Effect of a Low-Intensity PSA-Based Screening Intervention on Prostate Cancer Mortality: The CAP Randomized Clinical Trial29 Jun 2018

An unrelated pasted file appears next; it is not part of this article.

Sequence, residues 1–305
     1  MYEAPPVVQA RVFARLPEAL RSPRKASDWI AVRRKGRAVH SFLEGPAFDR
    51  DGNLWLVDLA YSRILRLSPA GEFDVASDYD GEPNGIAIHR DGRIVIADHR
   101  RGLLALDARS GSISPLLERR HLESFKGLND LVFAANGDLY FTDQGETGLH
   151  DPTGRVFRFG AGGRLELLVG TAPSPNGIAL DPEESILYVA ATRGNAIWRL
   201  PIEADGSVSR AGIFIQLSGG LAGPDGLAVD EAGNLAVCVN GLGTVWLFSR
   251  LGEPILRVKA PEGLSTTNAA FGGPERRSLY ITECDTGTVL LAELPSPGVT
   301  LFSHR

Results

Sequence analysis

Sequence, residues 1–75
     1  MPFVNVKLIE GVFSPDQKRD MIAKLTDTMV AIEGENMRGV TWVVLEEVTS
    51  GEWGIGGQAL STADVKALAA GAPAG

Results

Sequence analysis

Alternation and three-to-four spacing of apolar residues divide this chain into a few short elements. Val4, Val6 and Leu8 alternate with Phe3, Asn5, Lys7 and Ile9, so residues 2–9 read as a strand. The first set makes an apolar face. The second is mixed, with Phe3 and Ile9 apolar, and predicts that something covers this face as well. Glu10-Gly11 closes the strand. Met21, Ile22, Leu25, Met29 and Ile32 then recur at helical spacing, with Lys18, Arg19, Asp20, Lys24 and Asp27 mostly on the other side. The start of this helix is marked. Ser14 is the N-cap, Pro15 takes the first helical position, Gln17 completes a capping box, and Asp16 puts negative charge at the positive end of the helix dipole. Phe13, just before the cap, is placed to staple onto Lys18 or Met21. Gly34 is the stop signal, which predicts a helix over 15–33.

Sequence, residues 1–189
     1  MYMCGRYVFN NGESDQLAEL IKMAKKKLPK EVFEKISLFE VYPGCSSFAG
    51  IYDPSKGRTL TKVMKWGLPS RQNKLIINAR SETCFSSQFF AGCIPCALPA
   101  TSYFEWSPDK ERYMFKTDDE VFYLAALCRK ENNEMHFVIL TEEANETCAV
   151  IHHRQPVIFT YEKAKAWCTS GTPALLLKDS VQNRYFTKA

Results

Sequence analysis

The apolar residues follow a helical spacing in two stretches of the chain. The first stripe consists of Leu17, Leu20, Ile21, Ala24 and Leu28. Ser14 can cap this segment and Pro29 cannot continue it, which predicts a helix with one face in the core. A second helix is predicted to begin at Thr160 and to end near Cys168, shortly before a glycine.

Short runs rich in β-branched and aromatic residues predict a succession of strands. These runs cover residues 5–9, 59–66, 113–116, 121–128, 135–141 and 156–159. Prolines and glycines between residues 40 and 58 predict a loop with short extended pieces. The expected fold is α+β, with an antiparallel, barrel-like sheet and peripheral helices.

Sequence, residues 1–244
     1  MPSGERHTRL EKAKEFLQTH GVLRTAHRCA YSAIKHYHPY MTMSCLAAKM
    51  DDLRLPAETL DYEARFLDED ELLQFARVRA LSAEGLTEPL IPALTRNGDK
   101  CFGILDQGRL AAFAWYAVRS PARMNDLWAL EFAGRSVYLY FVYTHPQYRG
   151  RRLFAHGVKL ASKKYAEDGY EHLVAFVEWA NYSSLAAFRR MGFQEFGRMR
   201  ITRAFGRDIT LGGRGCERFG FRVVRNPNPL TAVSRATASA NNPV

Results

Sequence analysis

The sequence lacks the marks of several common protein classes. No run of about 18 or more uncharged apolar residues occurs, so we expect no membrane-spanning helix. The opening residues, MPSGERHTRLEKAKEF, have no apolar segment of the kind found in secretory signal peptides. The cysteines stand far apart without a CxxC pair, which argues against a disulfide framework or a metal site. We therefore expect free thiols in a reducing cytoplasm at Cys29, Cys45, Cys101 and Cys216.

IMPORTANCE Prostate cancer screening remains controversial because potential mortality or quality-of-life benefits may be outweighed by harms from overdetection and overtreatment. OBJECTIVE To evaluate the effect of a single prostate-specific antigen (PSA) screening intervention and standardized diagnostic pathway on prostate cancer-specific mortality. DESIGN, SETTING, AND PARTICIPANTS The Cluster Randomized Trial of PSA Testing for Prostate Cancer (CAP) included 419 582 men aged 50 to 69 years and was conducted at 573 primary care practices across the United Kingdom. Randomization and recruitment of the practices occurred between 2001 and 2009; patient follow-up ended on March 31, 2016. INTERVENTION An invitation to attend a PSA testing clinic and receive a single PSA test vs standard (unscreened) practice. MAIN OUTCOMES AND MEASURES Primary outcome: prostate cancer-specific mortality at a median follow-up of 10 years. Prespecified secondary outcomes: diagnostic cancer stage and Gleason grade (range, 2-10; higher scores indicate a poorer prognosis) of prostate cancers identified, all-cause mortality, and an instrumental variable analysis estimating the causal effect of attending the PSA screening clinic. RESULTS Among 415 357 randomizedmen(mean [SD] age, 59.0[5.6] years), 189 386 in the intervention group and 219 439 in the control groupwere included in the analysis (n = 408 825; 98%). In the intervention group, 75 707 (40%)attended the PSAtesting clinic and 67 313 (36%) underwent PSAtesting. Of 64 436 with a valid PSAtest result, 6857 (11%) had a PSA level between 3 ng/mLand 19.9 ng/mL, ofwhom5850 (85%) had a prostate biopsy. After a median follow-up of 10 years, 549 (0.30 per 1000 person-years) died of prostate cancer in the intervention group vs 647 (0.31 per 1000 person-years) in the control group (rate difference, -0.013 per 1000 person-years [95%CI, -0.047 to0.022]; rate ratio [RR] ,0.96 [95%CI,0.85 to 1.08]; P = .50). The number diagnosed with prostate cancerwas higher in the intervention group (n = 8054; 4.3%) than in the control group (n = 7853; 3.6%) (RR, 1.19 [95%CI, 1.14 to 1.25] ; P < .001). More prostate cancer tumors with a Gleason grade of 6 or lowerwere identified in the intervention group (n = 3263/189 386 [1.7%]) than in the control group (n = 2440/219 439 [1.1%] ) (difference per 1000 men, 6.11 [95%CI, 5.38 to 6.84]; P < .001). In the analysis of all-cause mortality, therewere 25 459 deaths in the intervention group vs 28 306 deaths in the control group (RR,0.99 [95%CI,0.94 to 1.03]; P = .49). In the instrumental variable analysis for prostate cancer mortality, the adherence-adjusted causal RRwas0.93 (95%CI,0.67 to 1.29; P = .66). CONCLUSIONS AND RELEVANCE Among practices randomized to a single PSA screening intervention vs standard practice without screening, there was no significant difference in prostate cancer mortality after a median follow-up of 10 years but the detection of low-risk prostate cancer cases increased. Although longer-term follow-up is under way, the findings do not support single PSA testing for population-based screening. TRIAL REGISTRATION ISRCTN Identifier: ISRCTN92187251.